309 U.S. 13 (1990), 229, Real Estate-Land Title & Trust Co. v. United States

Docket Nº:No. 229
Citation:309 U.S. 13, 60 S.Ct. 371, 84 L.Ed. 542
Party Name:Real Estate-Land Title & Trust Co. v. United States
Case Date:January 15, 1940
Court:United States Supreme Court
 
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Page 13

309 U.S. 13 (1990)

60 S.Ct. 371, 84 L.Ed. 542

Real Estate-Land Title & Trust Co.

v.

United States

No. 229

United States Supreme Court

Jan. 15, 1940

Argued January 5, 1940

CERTIORARI TO THE CIRCUIT COURT OF APPEALS

FOR THE THIRD CIRCUIT

Syllabus

Under the Revenue Act of 1928, § 23(k), and Treasury Regulations 74, Art. 206, a deduction for obsolescence is not allowed for a plant which has not functionally depreciated, but which is a needless duplication acquired in a voluntary business consolidation, and which the management desires to eliminate, preferring another which is also adequate but which can be operated with fewer employees. Pp. 117.

102 F.2d 582 affirmed.

Certiorari, 308 U.S. 539, to review a judgment reversing a judgment recovered in the District Court in a suit for a refund of income taxes.

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DOUGLAS, J., lead opinion

MR. JUSTICE DOUGLAS delivered the opinion of the Court.

Petitioner, a Pennsylvania corporation, was formed in October, 1927, as a result of a statutory consolidation or merger of three companies. Two of the constituent companies owned title search plants which were among the assets acquired by petitioner as a result of the consolidation. While it was known that two title plants would be acquired on the consolidation, there was at that time no definite plan for their disposition. But an immediate investigation was made, and it was decided to store one of the plants in order to effect economics of operation. That was done substantially simultaneously with the consummation of the consolidation. About two months thereafter, it was decided [60 S.Ct. 372] that the plant retained in use was adequate, and that the one in storage would not be needed. Although, for a brief period, some slight use appears to have been made of the stored plant,1 it was not kept up to date by the addition of current recordings. As a result, it had only a salvage value by October 31, 1928. Meanwhile, negotiations for its sale had been unsuccessful.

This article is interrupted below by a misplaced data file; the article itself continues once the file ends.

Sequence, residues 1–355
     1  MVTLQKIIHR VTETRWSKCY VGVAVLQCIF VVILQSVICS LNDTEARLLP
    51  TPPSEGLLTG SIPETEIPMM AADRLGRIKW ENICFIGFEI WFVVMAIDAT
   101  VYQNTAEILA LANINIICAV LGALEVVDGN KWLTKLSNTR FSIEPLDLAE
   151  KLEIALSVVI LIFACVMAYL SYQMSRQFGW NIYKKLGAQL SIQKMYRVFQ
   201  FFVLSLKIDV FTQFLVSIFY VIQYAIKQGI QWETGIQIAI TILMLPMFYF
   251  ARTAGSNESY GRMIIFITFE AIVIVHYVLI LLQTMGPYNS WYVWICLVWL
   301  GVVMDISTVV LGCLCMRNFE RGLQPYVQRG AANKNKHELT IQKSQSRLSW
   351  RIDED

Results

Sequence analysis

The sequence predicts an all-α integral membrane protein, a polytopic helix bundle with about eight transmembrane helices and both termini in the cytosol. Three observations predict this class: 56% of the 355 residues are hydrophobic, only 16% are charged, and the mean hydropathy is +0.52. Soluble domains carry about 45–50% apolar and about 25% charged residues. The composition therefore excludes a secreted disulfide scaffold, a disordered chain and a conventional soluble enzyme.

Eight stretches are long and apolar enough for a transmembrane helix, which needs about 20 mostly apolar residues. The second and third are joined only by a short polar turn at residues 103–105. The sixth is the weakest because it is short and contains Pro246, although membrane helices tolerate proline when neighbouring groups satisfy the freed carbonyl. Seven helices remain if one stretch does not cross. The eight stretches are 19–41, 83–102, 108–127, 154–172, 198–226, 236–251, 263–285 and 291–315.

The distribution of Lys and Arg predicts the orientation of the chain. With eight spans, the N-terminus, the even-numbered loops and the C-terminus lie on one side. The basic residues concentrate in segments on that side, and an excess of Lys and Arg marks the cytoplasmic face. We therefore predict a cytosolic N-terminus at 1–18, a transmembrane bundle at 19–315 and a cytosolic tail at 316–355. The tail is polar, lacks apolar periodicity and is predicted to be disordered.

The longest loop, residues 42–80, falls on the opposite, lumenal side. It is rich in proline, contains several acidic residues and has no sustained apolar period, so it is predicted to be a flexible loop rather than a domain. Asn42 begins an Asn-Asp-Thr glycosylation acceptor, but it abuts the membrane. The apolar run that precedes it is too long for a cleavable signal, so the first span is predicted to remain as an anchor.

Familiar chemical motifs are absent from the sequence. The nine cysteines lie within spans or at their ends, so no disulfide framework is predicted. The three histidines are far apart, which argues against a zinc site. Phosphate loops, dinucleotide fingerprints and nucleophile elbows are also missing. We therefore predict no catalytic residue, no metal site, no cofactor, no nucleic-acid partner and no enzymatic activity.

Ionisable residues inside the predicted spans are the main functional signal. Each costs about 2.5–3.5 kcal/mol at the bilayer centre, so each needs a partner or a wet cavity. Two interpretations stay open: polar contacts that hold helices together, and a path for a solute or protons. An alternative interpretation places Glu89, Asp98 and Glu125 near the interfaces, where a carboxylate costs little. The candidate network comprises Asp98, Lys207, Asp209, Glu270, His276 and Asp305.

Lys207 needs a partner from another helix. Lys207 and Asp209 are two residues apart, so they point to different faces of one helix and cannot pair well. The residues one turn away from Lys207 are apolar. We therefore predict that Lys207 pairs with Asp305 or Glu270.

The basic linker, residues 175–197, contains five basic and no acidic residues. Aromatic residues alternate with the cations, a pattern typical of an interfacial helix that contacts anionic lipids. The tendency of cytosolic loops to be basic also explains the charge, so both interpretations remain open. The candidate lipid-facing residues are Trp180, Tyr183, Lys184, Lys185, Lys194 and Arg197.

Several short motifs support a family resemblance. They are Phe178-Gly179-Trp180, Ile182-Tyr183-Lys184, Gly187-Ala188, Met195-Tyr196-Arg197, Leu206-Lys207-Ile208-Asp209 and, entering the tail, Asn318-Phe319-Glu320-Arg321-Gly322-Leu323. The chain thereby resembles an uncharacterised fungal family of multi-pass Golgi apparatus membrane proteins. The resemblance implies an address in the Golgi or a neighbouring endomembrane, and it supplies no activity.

In this action, petitioner seeks a refund of income taxes for the fiscal year ended October 31, 1928, based on the refusal of the Collector of Internal Revenue to allow a deduction for obsolescence of this plant. It had been carried on the books of the constituent company at $275,000 and was brought into the consolidation at $800,000. The District Court, however, found that its value on March 1, 1913, was $1,000,000; on October 31, 1928, $125,000, making an actual loss of $875,000, which that court allowed as a deduction for obsolescence for the taxable year 1928. It accordingly allowed a refund. That judgment was reversed by the Circuit...

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